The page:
Every May and June hordes of school groups descend on Washington, D.C. Each year, like clockwork, we wonks witness gaggles of tweens and teens take over our commutes. They're marked by a tendency to stand on both sides of the Metro escalator, yell and scream in the Metro tunnels, and cram into the center of the Metro car. They can be a local's worst nightmare. But during my past two commutes, riding the train home yesterday and to Fordham this morning, I witnessed a new kind of school group: the KIPP group.

They appear as a small army of pre-teens in matching t-shirts, standing single-file on the right side of the escalator. Several adults walk alongside various points in the line while one leader holds court at one entry/exit turnstile (leaving the other three or four clear for commuters). He hands out a farecard to each child, who then goes through the gate and returns the card to an adult waiting on the other side. The children continue to the next escalator, remaining in single file...

Republicans should be thankful that, according to Rasmussen,* education ranks only sixth out of ten issues for American voters right now, because Congressional Democrats are opening up a big lead on the issue again--fifteen points in May, up from six points in April. On only "health care" and "government ethics" are Republicans faring worse. Perhaps that's because Republicans aren't talking about the issue, while Democrats (particularly their presidential candidates) are talking about it all the time. To close this gap, the GOP needs a positive agenda on the issue--one that transcends the increasingly unpopular No Child Left Behind Act. That's a job for Senator John McCain--and his colleagues in the Republican Congressional caucus.

* Hat tip to "angryteacher" at the Buckeye State Blog.

Liam Julian

With the release of every new education report, it seems, we hear from commentators that the findings are promising but certainly do not constitute a "silver bullet" or a "panacea" for k-12's problems. No longer. This sounds like a bonafide silver bullet to me.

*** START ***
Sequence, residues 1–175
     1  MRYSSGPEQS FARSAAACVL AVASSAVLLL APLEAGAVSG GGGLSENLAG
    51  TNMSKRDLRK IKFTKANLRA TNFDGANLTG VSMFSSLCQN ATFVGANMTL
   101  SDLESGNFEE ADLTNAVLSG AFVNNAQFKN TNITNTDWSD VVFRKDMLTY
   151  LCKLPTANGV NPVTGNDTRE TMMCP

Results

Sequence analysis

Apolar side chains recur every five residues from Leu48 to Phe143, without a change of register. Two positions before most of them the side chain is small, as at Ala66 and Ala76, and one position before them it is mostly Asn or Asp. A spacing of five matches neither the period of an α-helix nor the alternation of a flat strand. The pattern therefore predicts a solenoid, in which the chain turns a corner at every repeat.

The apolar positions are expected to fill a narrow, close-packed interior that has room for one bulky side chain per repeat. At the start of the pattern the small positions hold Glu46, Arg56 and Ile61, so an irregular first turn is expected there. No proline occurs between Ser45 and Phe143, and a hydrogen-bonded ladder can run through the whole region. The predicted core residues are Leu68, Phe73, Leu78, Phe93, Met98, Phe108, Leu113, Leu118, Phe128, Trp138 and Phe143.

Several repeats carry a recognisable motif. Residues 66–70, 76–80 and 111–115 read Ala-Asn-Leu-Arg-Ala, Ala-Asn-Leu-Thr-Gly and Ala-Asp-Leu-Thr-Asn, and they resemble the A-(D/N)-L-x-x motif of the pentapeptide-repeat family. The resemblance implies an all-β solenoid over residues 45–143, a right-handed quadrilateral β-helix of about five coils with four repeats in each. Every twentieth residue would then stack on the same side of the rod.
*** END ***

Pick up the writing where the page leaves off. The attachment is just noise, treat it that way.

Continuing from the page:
Liam Julian

The latest issue of Commentary contains a review of Checker's newest book, Troublemaker. It's available here for subscribers.

Baffled by America's arcane process for electing a president, the Edmonton Sun's Edward Greenspan has this to say:

One super delegate is Inez Tenenbaum, South Carolina's former education superintendent. That makes her the most super super delegate of all.

Ha! Good one, Edward! Jeff, is this sort of thing that made you want to leave Canada?

Amid all the news of doom and gloom, here's one reason for optimism: America's best spellers appear to be getting better and better. According to the Washington Post, these are some of the words which clinched the National Spelling Bee over the years:

1925: gladiolus

1932: knack

1938: sanitarium

1940: therapy

1956: condominium

1960: eudaemonic

1973: vouchsafe

1980: elucubrate

1991: antipyretic

2001: succedaneum

2004: autochthonous

2006: Ursprache

2007: serrefine

2008: guerdon

"Knack," really? Maybe the "Greatest Generation" (whose members would have been right around 12 years old in 1932) weren't our greatest spellers ever. Or maybe, what with the Great Depression and all, they had other concerns on their mind. Regardless, it's pretty cool that American students (or at least .000001 percent of them) have gotten better at something.

Pages